2 Gold Miners Beating The S&P 500 By More Than 2,300% In 2016
Its value has fallen 98% in the last 113 years. Yet, despite that incredible decline it remains one of the most valuable and sought after assets in the world.
I’m talking about the U.S. dollar.
Since 1913, the value of the U.S. dollar has fallen more than 98%.
This is the reason gold is delivering its best return in five years and showing signs of a long-term reversal in 2016.
After hitting a new all-time high above $1,900 in 2011, gold fell into a nasty bear market.
From 2012 to the end of 2015, the price of gold fell almost 50%.
In 2016, gold is on the rebound. The price of gold is up 26%, more than a 300% premium to the S&P 500’s 6% return.
That puts gold on pace for its best return in more than five years.
Gold’s sudden reversal is being driven by the same trend that’s driving the U.S. dollar.
After surging in 2014 and 2015, the U.S. dollar is back to its losing ways in 2016, falling 4% on the year. Take a look below at the U.S. dollar’s big surge in 2014 and 2015 and decline in 2016.
The dollar isn’t alone. Other global currencies across the world also display this troubling long-term trend of extreme devaluation.
These charts tell me something important. Expect plenty more currency devaluation ahead.
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I expect that to trigger more capital inflows into gold.
One way to profit is with SPDR Gold Shares (NYSE: GLD), an exchange traded fund that is designed to track the price of gold.
Another way to profit is with VanEck Vectors Gold Miners ETF (NYSE: GDX), an ETF that invests in 52 gold and silver miners mostly traded on U.S. and Canadian stock exchanges.
My favorite way to capitalize on a long-term reversal in the price of gold, though, is by investing in gold miners.
These companies offer the most leverage against the rise and fall of gold prices.
I have chosen to highlight two companies because they are two of the largest gold miners in the world and have the lowest cost production in the market.
Barrick Gold (NYSE: ABX) is headquartered in Ontario and is the largest gold miner in the world. The recovery in the price of gold has given Barrick a huge boost. After being up more than 200% on the year in June, shares are still up nearly 150%. Looking forward, I am expecting more of the same from Barrick.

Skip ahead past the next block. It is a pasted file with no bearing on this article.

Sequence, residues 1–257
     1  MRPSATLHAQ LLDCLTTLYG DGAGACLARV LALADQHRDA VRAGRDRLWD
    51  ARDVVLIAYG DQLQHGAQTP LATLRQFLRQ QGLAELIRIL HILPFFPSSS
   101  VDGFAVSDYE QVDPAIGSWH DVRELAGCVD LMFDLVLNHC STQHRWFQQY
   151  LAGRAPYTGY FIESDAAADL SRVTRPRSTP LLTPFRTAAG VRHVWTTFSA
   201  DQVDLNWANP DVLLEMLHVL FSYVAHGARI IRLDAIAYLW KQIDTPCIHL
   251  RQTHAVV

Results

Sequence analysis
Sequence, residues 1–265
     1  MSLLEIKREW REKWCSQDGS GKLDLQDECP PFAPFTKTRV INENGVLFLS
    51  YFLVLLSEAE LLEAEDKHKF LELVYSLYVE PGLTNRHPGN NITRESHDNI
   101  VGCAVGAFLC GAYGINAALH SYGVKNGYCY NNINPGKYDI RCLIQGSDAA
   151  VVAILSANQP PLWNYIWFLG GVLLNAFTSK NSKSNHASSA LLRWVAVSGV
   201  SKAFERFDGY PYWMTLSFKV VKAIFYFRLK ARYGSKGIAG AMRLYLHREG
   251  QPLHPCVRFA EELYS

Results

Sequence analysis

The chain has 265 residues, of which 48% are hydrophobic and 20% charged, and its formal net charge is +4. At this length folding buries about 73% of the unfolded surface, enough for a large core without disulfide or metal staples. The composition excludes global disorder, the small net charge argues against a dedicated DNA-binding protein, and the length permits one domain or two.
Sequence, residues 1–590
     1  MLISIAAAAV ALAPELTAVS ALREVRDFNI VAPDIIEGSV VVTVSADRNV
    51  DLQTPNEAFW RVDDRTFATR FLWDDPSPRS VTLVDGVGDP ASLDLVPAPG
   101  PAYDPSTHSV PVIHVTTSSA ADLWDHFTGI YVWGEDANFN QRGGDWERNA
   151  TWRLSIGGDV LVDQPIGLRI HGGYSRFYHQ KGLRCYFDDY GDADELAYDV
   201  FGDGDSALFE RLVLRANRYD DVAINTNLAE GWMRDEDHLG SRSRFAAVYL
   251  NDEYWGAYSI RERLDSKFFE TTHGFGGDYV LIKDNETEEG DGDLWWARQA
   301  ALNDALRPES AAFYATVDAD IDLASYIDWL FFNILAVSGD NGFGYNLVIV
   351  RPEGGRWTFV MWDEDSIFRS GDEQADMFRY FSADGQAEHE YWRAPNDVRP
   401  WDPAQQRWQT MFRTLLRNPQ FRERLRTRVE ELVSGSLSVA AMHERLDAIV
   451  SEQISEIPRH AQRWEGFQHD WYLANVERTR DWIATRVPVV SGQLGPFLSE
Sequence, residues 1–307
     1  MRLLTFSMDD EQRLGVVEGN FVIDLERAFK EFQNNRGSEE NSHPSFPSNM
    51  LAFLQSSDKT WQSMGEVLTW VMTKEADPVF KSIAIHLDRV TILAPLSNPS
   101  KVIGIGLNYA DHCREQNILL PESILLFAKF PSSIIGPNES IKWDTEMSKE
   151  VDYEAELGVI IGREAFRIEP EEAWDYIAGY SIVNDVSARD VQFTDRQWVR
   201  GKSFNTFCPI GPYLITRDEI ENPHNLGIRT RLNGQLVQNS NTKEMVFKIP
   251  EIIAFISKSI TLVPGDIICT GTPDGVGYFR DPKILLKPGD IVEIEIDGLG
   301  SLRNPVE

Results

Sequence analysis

In light of the multi-year bear market in gold, Barrick was forced to cut expenses to the bone and streamline operations. For example, in 2015, Barrick recorded cost savings of more than $50 million. Barrick expects those savings to swell to $100 million in 2016. These adjustment have the company on pace to grow earnings 126% in 2016 and another 45% in 2017 as gold remains near a multi-year high.
Newmont Mining (NYSE: NEM) is also one of the largest gold miners in the world, headquartered in Colorado. Newmont has been a tear in 2016, up more than 120% on the year. Similar to Barrick, Newmont has been cutting expenses.
Newmont is interesting because it has one of the best project pipelines in the industry. For example, its Merian mine in Suriname is expected to begin production by the end of the year and contribute 400,000 to 500,000 ounces of gold annually in its first five years. These projects and new mines coming online has Newmont in position to cash in on higher gold prices with increased production.
Risks To Consider: The Fed has been bluffing about raising interest rates for most of the last five years. Although I believe it is unlikely the Fed will raise interest rates in the next year, if it does, it would strengthen the dollar and weigh on the price of gold and gold miner.
Action To Take: Currency devaluation is as predictable as the sun rising and setting. That’s why gold is having its best performance in five years in 2016. Despite those gains, I believe gold is in the early stages of a long-term reversal. I expect that to drive capital inflows into gold ETF and particularly gold miners.